Sometimes junior Ahmad Rasheed gets urges to just stop walking and break out into dance. And whenever that happens he does just that – and he never has a problem attracting an audience.
Rasheed, a bioinformatics major in the School of Engineering and Applied Sciences in GW’s eight-year medical program, said his passion for dancing just flared up when he got to GW. He remembers at Colonial Inauguration there was a dancing event and he won a t-shirt for being the worst dancer there. But he said that technique doesn’t matter, he just loves the energy rush.
“I’ve been described as being a cross between someone having a seizure and not falling over,” he said, laughing at himself. His favorite music to dance to is techno or anything “really fast,” he said, and some of his dance moves he developed through Playstation’s Dance Dance Revolution, a fast-paced video game where you follow on-screen dancing steps.
Most have seen him before – he said he usually ends up in Kogan Plaza or outside of Thurston Hall because they build up the best crowds – but it doesn’t really matter where he is on campus when he busts a move and rallies an audience.
“It allows me to express a great deal of what I feel when I hear music,” he said. “Dancing by yourself is fun – but it’s a lot more fun when other people are around.”
He said people’s reactions to him vary – some laugh and point, while others start cheering. And sometimes, students join in the dance party.
“It’s the best feeling with the spontaneity catches,” he said. But, he added, when people make fun of him or give him strange looks for dancing in public, it doesn’t faze him.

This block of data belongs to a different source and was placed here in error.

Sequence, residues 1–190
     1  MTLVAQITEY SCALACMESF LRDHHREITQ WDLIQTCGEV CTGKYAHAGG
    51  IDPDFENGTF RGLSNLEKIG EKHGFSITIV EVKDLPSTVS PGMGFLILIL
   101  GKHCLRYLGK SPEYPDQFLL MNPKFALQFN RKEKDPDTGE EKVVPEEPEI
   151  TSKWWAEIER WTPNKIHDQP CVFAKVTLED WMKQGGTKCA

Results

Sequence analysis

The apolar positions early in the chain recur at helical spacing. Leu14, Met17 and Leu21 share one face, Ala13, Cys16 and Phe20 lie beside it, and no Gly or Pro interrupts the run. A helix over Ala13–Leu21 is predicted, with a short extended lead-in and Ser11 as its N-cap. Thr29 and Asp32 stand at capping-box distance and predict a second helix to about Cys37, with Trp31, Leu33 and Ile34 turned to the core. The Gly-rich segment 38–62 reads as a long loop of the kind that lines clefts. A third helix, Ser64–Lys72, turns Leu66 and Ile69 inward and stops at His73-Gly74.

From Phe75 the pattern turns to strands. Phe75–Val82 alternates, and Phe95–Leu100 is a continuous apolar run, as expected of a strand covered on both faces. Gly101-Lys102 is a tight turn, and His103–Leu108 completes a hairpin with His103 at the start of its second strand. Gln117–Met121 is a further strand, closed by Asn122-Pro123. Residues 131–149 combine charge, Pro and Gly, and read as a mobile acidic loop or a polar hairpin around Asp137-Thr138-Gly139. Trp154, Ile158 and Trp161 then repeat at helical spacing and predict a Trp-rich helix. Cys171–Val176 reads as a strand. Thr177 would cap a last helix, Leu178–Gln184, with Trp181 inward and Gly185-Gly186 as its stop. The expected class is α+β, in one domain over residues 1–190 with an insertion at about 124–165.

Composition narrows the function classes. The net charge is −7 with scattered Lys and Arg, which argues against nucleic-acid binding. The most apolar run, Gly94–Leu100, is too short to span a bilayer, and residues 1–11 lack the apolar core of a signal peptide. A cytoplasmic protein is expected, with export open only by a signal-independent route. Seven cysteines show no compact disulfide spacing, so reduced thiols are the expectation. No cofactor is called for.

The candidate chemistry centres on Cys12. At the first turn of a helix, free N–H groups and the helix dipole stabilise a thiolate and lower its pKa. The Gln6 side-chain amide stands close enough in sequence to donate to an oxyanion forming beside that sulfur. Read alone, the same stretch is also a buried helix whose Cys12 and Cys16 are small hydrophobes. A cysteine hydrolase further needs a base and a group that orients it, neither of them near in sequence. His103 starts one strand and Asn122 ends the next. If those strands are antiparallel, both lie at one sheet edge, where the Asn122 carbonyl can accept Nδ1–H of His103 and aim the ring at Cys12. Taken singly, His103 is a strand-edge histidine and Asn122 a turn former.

“It’s a lot more important what I think of myself,” he said.
No matter what people think, Rasheed’s dancing gets him attention. He said his dancing has, to a point, helped him make friends in different social circles whom he otherwise probably wouldn’t have gotten to know. And he always likes to hear if his dancing has had any influence on his audience.
“Some find it inspiring. Somebody once said it makes them feel more alive. And some actually like my moves,” he said. “The message that I’m trying to give is that you don’t have to do what everybody expects you to do. And people usually like that message.”
Rasheed, from Iowa, said he pretty much keeps his dancing to the District’s city streets because it’s easier to dance in a campus environment.
But, ironically, he avoids the club scene in D.C. and opts to dance on the streets instead because it brings him more satisfaction. He said he’s only been to a club once, and didn’t like it because of the mindset guys have about dancing with girls.
“At a club, dancing for the sake of dancing gets diluted,” he said.
Rasheed said he hopes to always continue dancing spontaneously like he does on campus, even when he graduates and becomes a doctor. And, even though he still has that t-shirt from CI labeling him the worst dancer, he said he can see himself constantly improving.
Said Rasheed: “Since then I’ve gotten enough compliments to feel like I’m getting better.”
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